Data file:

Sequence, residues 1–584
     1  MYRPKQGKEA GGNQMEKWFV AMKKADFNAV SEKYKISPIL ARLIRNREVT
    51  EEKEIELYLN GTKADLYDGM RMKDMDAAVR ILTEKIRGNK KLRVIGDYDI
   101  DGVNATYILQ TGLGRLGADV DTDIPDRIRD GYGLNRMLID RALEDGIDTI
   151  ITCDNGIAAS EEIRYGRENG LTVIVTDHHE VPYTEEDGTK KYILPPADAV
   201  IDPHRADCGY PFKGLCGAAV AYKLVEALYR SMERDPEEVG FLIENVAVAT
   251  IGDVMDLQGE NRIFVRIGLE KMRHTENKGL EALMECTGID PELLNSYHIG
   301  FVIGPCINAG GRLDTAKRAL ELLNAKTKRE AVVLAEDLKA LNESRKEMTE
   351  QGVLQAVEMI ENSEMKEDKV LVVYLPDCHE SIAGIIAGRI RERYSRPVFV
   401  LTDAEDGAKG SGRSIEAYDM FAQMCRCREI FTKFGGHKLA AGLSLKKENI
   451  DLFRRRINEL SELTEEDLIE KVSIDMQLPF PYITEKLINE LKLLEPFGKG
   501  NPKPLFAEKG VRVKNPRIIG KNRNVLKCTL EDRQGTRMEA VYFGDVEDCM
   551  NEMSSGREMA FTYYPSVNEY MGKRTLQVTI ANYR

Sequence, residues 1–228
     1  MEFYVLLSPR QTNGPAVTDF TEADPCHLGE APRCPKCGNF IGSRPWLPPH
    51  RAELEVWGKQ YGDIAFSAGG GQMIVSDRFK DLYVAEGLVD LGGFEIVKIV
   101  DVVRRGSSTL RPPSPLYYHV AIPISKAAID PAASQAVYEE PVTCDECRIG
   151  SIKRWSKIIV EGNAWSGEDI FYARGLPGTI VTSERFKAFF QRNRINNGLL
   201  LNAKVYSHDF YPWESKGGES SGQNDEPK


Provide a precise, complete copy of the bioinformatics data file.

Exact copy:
Sequence, residues 1–584
     1  MYRPKQGKEA GGNQMEKWFV AMKKADFNAV SEKYKISPIL ARLIRNREVT
    51  EEKEIELYLN GTKADLYDGM RMKDMDAAVR ILTEKIRGNK KLRVIGDYDI
   101  DGVNATYILQ TGLGRLGADV DTDIPDRIRD GYGLNRMLID RALEDGIDTI
   151  ITCDNGIAAS EEIRYGRENG LTVIVTDHHE VPYTEEDGTK KYILPPADAV
   201  IDPHRADCGY PFKGLCGAAV AYKLVEALYR SMERDPEEVG FLIENVAVAT
   251  IGDVMDLQGE NRIFVRIGLE KMRHTENKGL EALMECTGID PELLNSYHIG
   301  FVIGPCINAG GRLDTAKRAL ELLNAKTKRE AVVLAEDLKA LNESRKEMTE
   351  QGVLQAVEMI ENSEMKEDKV LVVYLPDCHE SIAGIIAGRI RERYSRPVFV
   401  LTDAEDGAKG SGRSIEAYDM FAQMCRCREI FTKFGGHKLA AGLSLKKENI
   451  DLFRRRINEL SELTEEDLIE KVSIDMQLPF PYITEKLINE LKLLEPFGKG
   501  NPKPLFAEKG VRVKNPRIIG KNRNVLKCTL EDRQGTRMEA VYFGDVEDCM
   551  NEMSSGREMA FTYYPSVNEY MGKRTLQVTI ANYR

Sequence, residues 1–228
     1  MEFYVLLSPR QTNGPAVTDF TEADPCHLGE APRCPKCGNF IGSRPWLPPH
    51  RAELEVWGKQ YGDIAFSAGG GQMIVSDRFK DLYVAEGLVD LGGFEIVKIV
   101  DVVRRGSSTL RPPSPLYYHV AIPISKAAID PAASQAVYEE PVTCDECRIG
   151  SIKRWSKIIV EGNAWSGEDI FYARGLPGTI VTSERFKAFF QRNRINNGLL
   201  LNAKVYSHDF YPWESKGGES SGQNDEPK